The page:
This time next year, Maryland officials will most likely announce with pride that their state lottery operations have exceeded $1 billion in annual receipts for the first time. They will hail it as a landmark event.
That's not pie-in-the-sky optimism from lottery officials, either. They closed the books on the fiscal year ending June 30 with sales of $987.5 million, a huge boost of over $100 million from the prior fiscal year. And more important, the profits for the state rose by $60 million. With a $1.2 billion cumulative deficit expected over the next four years, that extra lottery money is indeed welcome.
Why did the agency have such a good 12 months? Attribute much of it to luck. Lottery winnings are an unstable source of state revenue. Some years, the players get hot and the state agency doesn't do so well. Other years, the players don't hit it big as often and the state benefits. That's what happened in fiscal 1994.
The state agency also benefited from a determined effort by new director Lloyd Jones to move more than 1,000 Keno machines sitting in a Howard County warehouse onto the streets, so to speak. The popularity of instant lottery vending machines helped as well (more are on order). So did improved promotional efforts to instill some new life into the lottery games.
But the biggest reason for this upswing had nothing to do with the antics of lottery officials, or their efforts to cram Lotto machines into every tavern and restaurant from Frostburg to Snow Hill. No, the enhanced lottery sales are a direct result of Maryland's improving economy. As Marylanders feel more secure in their jobs and as their incomes start to increase, they feel better about spending more of their discretionary money on a few lottery tickets. That points to good days ahead for the lottery in Maryland, though future increases are likely to be much more gradual.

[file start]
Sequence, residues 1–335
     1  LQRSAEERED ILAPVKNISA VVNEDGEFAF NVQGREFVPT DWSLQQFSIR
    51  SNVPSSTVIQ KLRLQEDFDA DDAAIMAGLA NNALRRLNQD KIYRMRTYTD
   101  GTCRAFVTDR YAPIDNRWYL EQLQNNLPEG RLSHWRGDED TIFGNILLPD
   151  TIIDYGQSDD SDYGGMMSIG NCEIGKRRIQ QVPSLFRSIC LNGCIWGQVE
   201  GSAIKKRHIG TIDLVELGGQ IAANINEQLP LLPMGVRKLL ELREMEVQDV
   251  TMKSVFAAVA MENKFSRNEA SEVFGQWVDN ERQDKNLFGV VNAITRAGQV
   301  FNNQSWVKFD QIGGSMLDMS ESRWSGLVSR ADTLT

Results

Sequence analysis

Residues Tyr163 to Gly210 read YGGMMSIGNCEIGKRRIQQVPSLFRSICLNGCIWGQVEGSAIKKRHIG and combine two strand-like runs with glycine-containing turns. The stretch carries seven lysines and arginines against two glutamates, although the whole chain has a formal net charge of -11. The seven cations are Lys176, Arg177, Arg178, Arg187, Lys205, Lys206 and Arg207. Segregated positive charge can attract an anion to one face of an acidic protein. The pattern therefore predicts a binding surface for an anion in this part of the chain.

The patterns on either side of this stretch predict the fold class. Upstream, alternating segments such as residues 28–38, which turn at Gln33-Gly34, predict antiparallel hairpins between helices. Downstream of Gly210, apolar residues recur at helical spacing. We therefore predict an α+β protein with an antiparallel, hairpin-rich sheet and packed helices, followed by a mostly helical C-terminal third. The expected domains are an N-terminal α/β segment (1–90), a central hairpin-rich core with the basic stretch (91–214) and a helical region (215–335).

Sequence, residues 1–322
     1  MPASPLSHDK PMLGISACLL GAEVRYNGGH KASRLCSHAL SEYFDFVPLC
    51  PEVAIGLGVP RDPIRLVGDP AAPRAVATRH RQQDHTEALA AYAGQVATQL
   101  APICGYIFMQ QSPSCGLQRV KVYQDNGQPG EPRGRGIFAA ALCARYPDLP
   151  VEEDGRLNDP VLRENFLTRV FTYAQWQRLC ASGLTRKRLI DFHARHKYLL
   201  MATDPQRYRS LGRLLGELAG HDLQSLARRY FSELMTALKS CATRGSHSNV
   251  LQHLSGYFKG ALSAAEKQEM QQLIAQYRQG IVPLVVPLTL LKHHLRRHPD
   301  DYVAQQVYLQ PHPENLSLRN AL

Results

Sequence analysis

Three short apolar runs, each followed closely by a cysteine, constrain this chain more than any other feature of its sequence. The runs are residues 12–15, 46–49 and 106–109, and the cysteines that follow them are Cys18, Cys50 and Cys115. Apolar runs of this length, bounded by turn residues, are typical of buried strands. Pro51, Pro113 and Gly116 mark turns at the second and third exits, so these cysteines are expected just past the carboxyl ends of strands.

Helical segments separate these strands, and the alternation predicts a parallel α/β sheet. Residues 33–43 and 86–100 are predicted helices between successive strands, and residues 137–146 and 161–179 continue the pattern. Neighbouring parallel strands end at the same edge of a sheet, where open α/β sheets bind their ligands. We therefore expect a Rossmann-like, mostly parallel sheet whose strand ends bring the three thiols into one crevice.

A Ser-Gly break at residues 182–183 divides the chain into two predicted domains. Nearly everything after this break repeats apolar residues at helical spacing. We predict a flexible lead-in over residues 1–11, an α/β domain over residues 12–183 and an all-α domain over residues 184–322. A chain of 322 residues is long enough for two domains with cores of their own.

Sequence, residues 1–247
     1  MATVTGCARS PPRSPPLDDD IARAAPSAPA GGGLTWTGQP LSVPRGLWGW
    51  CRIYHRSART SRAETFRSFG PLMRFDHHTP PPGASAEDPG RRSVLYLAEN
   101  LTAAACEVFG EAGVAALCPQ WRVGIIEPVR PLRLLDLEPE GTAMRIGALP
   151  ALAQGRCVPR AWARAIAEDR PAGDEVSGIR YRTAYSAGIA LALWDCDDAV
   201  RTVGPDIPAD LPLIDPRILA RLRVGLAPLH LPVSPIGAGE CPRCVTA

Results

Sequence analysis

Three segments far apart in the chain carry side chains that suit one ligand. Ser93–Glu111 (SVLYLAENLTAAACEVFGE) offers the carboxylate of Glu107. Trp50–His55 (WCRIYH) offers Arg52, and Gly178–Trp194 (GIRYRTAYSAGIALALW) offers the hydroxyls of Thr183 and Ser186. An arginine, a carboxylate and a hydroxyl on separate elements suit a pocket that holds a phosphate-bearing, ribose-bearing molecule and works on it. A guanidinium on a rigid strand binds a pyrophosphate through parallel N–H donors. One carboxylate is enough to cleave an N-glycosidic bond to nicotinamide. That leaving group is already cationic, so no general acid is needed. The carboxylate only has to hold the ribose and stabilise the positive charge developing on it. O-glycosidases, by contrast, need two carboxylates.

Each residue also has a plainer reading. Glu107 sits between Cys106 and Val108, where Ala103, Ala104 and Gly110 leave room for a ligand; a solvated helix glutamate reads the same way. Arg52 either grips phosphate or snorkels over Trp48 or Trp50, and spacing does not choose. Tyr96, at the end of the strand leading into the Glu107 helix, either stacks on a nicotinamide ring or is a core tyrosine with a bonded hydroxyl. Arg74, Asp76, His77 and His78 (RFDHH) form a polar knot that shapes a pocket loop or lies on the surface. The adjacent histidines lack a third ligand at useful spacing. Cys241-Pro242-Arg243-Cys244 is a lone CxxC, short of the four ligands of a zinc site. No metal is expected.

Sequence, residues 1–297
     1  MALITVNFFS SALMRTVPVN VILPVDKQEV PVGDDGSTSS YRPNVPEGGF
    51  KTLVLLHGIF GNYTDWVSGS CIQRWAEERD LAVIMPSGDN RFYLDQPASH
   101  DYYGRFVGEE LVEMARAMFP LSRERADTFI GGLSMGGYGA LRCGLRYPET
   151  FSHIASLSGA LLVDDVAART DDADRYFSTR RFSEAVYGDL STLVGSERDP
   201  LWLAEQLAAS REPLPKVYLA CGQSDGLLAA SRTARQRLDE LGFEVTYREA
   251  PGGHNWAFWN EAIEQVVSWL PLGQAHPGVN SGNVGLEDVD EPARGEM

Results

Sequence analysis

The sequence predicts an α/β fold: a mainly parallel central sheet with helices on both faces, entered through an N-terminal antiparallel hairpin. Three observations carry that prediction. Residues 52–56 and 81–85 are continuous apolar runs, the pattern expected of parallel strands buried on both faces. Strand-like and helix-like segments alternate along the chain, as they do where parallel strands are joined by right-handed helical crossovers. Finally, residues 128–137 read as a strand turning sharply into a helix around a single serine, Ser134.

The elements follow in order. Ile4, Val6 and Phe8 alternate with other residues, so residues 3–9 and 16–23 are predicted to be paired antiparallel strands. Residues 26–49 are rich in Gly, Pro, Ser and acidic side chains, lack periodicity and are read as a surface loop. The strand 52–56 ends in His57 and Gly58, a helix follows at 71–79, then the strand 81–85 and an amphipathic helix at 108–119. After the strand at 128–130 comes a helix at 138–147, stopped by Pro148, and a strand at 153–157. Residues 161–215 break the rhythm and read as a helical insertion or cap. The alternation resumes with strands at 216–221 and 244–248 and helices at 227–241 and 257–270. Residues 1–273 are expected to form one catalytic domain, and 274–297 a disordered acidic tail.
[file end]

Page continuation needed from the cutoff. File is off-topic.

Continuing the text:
Gov. William Donald Schaefer made the mistake of pinning too much faith on the lottery's ability to reap bigger and bigger profits. He got badly burned during the recession. He also failed to recognize that Keno might not be an overnight success in Maryland. Future governors should learn from Mr. Schaefer's missteps.
In fact, most of the gubernatorial candidates have had harsh words to say about the state's over-reliance on lottery revenue. Some, such as Prince George's County Executive Parris Glendening, have even stated strong opposition to a further expansion of legalized gambling of this sort in Maryland. The sharp fluctuations in lottery sales from year to year make it dangerous for state officials to base budget plans on lottery growth.